Data visualization of the changes in land use types over last 12,000 years according to a recent paper by @erleellis and colleagues:…

Human actions have been transforming the Earth's surface for thousands of years.
A selection of time slices from the animation to further emphasize the shifts from uninhabited and sparsely inhabited land use type to more heavily populated and agricultural land uses.
The authors of the paper (with @EarthOutreach) have previously provided an online mapping tool for exploring the changes over time on local and regional scales.…
Lastly, I want to mention that @JacquelynGill, one of the coauthors of the paper cited above, wrote a Twitter thread discussing their results.

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More from @RARohde

19 Mar
THREAD) The climate scientists consensus guide for who to follow on Twitter.

Need more climate information in your twitter feed?
Many suggestions are available in this thread

#FollowFriday #FF
There are literally thousands of scientists working on climate related issues who have joined Twitter.

@KHayhoe has created an excellent list of 3,148 such scientists, and if you want to get them all, you can follow her list directly.…

The most popular, i.e. most followed, scientists working on climate issues are:

@picazomario (mostly in Spanish)
@KavehMadani (often in Farsi)
@rahmstorf (often in German)

Read 14 tweets
16 Mar
A year ago, when COVID was just taking off in many places, I never expected that China would actually end up as one of the least affected countries.
China's official COVID death toll stands at 4,636.

That's probably an undercount for several reasons, but even if the truth were twice as high it would still be a very low rate of death compared to most Western countries.
What China appears to have achieved early in the pandemic was the complete elimination of local transmission.

Few countries seriously tried to do this, and even fewer succeeded.
Read 6 tweets
6 Dec 20
A bit of Sunday Twitter navel gazing.

Plot of scientists working on climate issues by their number of tweets and followers.

Verified accounts are circled. A somewhat random selection of extremal accounts have been labeled. Image
For the above plot, I used the set of scientists working on climate issues from @KHayhoe's excellent list.…
A few quick summary stats

3,135 Scientists

Number of followers

Median: 719
Mean: 2,066
Max: 171,387

Number of tweets

Median: 1,239
Mean: 4,649
Max: 307,513

In general, accounts with more tweets tend to have more followers. ~2/3 of accounts have more tweets than followers.
Read 8 tweets
4 Dec 20
THREAD) Climate scientists often don’t get as much recognition as they deserve.

For this #FollowFriday, I’ve prepared a list of 13 professional climate scientists, with at least 20,000 followers each, but which @Twitter has not yet @Verified.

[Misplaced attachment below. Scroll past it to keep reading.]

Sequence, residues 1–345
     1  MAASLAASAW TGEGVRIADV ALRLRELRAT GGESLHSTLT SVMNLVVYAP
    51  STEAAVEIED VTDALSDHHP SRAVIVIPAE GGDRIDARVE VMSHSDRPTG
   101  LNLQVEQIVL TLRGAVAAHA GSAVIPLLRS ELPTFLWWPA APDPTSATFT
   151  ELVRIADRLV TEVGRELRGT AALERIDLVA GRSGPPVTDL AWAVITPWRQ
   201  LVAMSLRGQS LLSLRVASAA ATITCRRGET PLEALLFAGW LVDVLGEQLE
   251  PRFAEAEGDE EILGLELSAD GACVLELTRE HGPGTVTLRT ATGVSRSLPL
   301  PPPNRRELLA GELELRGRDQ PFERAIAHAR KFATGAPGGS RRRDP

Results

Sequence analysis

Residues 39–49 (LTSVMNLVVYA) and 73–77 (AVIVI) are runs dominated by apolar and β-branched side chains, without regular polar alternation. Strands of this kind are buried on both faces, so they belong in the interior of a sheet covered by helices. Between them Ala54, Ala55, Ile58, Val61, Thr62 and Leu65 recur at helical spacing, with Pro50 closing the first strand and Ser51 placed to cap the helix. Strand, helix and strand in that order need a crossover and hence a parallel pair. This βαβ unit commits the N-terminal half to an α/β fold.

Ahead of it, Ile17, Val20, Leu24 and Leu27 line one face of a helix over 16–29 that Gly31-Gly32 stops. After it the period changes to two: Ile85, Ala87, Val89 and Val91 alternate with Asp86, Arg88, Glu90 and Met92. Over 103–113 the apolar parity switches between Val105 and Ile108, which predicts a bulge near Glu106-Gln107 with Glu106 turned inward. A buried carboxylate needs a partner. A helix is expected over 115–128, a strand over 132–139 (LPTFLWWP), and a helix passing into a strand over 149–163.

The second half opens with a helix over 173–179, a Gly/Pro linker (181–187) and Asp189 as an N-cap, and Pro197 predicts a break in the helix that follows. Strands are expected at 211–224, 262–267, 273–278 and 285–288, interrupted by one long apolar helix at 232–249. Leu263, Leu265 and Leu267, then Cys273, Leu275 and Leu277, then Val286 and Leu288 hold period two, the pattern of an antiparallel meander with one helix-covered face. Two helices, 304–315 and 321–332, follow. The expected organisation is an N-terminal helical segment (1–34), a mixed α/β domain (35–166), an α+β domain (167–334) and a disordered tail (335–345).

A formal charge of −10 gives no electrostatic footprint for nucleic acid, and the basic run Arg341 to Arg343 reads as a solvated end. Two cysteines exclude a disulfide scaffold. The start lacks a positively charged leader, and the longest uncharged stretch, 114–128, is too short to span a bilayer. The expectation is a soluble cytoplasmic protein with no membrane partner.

Maybe change that @TwitterSupport?
First up, Professor Stefan Rahmstrof (@rahmstorf) is Head of Earth System Analysis at the Potsdam Institute for Climate Impact Research.

He is a leading climate scientist, 2017 winner of the @theAGU's Climate Communication Prize, and an expert on the oceans. 2/
Dr. Kate Marvel (@DrKateMarvel) of Columbia University & NASA’s Goddard Institute for Space Science.

She develops and evaluates climate models, while also frequently writing & speaking about climate change. One of @TIME’s "15 Women Leading the Fight Against Climate Change". 3/
Read 18 tweets
19 May 20
If 2020 ends up as a new record warm year, and it might, then a significant component of that will have been the incredibly warm start of the year that has just occurred in Asia.

January to April, Russia averaged nearly +6.0 °C (+11 °F) above historical norms. That's one hell of a "mild winter".

That's not only a new record anomaly for Russia. That's the largest January to April anomaly ever seen in any country's national average.

In what may be a sign of worse to come later this year, the exceptionally warm winter has been followed by unusually large early season wildfires in Russia.…

Read 5 tweets
8 Apr 20
IHME has updated their US states COVID-19 model again.

Their new best estimate for US total deaths during the first wave has fallen to 60,000 (from 83,000 two days earlier).
As with the last release, they expect all US states will see their initial peak at some time during April, though with some earlier than others.

A few of these have been reshuffled, with a slight overall shift towards earlier peaks.
Because the IHME model is trained on a lagging indicator, i.e. per state deaths, I haven't been surprised to see their total projected deaths be revised downward (93,000 -> 82,000 -> 60,000), and wouldn't be surprised if it goes somewhat lower still.
Read 4 tweets

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